14. InsaneCdn

    InsaneCdn Well-Known Member

    By the way, there are many kinds of "gifted", and not all of these are "academic" talents.
    I remember a story of a young man (something like 15), who moved to the big city with his parent's blessing and support, to pursue (successfully) a career in dance. He struggled no end to complete his basic grade 12 (the dance troupe insisted, thank goodness, and supported his efforts in that direction too). But on the dance floor... he was a genius, definitely "gifted".

    I have a bro who at age 7, could watch something being taken apart and put back together... and two weeks later, could do the same task with 100% accuracy. Gifted... but he never got beyond grade 12.

    I know all sorts of other people, with various gifts. And only one or two are academically gifted.

    But every single one of them is creative. And sometimes, it is that creativity that drives teachers and peers insane. What they don't think of!!! (good, or bad)
     
  15. Malika

    Malika Well-Known Member

    Oh yes, many kinds of gifts, of course.
    In a way, judging and comparing are invidious, aren't they? I hadn't really started down this track - it's just that this neurologist yesterday seemed a bit astounded by J's intelligence but it has honestly never occurred to me that it is any way astounding... So now I'm astounded :) Anyway, it all just confirms my fear that conventional school is not going to suit him very well... If I could invent it all, I'd have him in a school where they did lots of different sports, performed plays, went on walks in nature and learnt practical things like cooking and building things. Oh, and I suppose a bit of reading and writing would be alright :)
     
  16. SomewhereOutThere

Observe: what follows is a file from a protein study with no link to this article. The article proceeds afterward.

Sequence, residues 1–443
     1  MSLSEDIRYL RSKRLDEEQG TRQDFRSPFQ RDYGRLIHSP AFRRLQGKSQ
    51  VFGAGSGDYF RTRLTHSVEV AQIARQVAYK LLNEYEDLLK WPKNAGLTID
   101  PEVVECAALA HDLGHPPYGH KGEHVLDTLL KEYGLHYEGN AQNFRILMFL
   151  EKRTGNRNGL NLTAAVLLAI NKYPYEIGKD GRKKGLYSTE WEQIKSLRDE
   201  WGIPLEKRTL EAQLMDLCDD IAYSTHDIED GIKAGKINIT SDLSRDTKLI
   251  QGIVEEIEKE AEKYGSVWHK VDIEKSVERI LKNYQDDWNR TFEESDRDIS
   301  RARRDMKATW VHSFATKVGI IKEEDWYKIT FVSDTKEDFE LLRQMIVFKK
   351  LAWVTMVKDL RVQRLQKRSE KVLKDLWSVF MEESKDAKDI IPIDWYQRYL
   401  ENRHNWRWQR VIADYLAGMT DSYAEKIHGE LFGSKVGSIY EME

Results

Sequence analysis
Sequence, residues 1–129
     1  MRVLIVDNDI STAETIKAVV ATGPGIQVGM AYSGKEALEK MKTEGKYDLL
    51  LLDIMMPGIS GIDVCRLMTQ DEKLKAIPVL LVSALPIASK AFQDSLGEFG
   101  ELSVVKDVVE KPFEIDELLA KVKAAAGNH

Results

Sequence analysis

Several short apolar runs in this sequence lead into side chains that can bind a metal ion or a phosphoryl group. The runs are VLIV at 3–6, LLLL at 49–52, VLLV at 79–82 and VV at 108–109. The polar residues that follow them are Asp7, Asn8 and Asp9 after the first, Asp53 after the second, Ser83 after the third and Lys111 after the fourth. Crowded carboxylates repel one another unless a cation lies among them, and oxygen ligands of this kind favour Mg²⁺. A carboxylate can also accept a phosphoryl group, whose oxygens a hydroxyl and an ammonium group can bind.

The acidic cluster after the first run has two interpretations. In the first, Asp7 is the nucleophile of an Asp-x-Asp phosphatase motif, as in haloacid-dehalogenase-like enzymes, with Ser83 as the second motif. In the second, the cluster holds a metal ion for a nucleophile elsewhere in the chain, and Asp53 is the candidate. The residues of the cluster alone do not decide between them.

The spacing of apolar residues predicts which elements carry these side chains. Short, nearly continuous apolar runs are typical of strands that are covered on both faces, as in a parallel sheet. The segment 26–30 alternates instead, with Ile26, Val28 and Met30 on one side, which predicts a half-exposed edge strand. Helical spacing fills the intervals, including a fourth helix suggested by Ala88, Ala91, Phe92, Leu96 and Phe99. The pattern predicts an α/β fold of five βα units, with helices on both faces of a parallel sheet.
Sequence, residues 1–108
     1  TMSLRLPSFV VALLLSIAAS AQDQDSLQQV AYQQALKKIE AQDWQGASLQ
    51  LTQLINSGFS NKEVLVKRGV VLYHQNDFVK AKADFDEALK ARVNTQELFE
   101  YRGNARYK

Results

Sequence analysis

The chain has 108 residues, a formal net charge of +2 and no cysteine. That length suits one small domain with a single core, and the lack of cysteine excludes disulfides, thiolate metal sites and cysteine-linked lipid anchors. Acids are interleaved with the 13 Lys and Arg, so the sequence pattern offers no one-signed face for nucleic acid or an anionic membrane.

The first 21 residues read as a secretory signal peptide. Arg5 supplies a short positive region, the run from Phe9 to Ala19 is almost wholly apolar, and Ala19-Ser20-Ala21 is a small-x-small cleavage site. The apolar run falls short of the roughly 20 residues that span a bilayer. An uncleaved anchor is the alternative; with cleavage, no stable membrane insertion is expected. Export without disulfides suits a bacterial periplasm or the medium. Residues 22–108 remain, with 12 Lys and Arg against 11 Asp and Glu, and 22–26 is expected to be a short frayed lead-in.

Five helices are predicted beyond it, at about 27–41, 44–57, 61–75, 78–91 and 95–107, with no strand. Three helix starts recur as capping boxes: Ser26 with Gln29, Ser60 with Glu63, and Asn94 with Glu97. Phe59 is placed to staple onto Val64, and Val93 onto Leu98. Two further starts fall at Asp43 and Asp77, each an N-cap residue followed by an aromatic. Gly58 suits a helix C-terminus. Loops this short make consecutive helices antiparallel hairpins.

SomewhereOutThere Well-Known Member

    Malika, YES, I get it! He reminds me a lot of my grandson. Trust me, grandson is difficult, but very bright too. I do not think he is gifted, but he is definitely bright, asks intelligent questions and keeps grandma on her toes!

    Also, I agree there are MANY kinds of gifts, but some are accepted by peers and some aren't. Intellectual giftedness without the great looks or athletic talent tends to get made fun of. Although one of my sister's twin daughters, who is in pre-medication now, used to have kids go up to her and say, "So what do you do for a good time? Go to a museum??? Hahahaha!" She is both pretty and athletic. If you can fix things, peers tend to think that's cool. Same with sports. Same with ballet (unless you are a boy, at least in much of the US)....etc. You probably won't get too many social points, at least in the US, for being a master in the chess club :/ Just the way it is, at least in much of US society.
     
  17. TerryJ2

    TerryJ2 Well-Known Member

    Gosh, I have nothing to add, except that it would not surprise me at all if he is gifted. I guess I'd give it a yr with-o any special appts, just to let him calm down and evolve, and see what happens then.
    He sounds really cute, if not a total handful. :)
     
  18. whatamess

    whatamess New Member

    Malika, it is safer to guess that J needs direct instruction about social rules, than to guess he already knows the rules and impulsivity prevents success. You and he share a love of reading and those quiet moments might be a great way to explicity teach social rules and then go back again and again and talk about these rules...not in the heat of broken rule, but during those times when there is no social pressure-just you and him navigating in a quiet, unperturbed state.
     
  19. Malika

    Malika Well-Known Member

    You're probably right, whatamess. It could do no harm to create a couple of these stories, if I learnt how to do that, and look at them with him.
    I'm sorry I brought this up, in a way - though I hope it's not presumptious to say I think we've had quite an interesting discussion - because actually I realise I quite dislike the concept of "gifted", somehow putting people into a different, "special" bracket whereas I think it is more wholesome to avoid categorising these things too firmly. Clearly, some kids are intellectually precocious and do better in environments geared to them but in general it is probably a kind of disservice to kids to single them out in this way. Just my humble o.
     
  20. whatamess

    whatamess New Member

    Malika, Hah! What prejudice you show in saying you don't want to categorize giftedness, but yet you seek, seek, seek to categorize his possible impediments!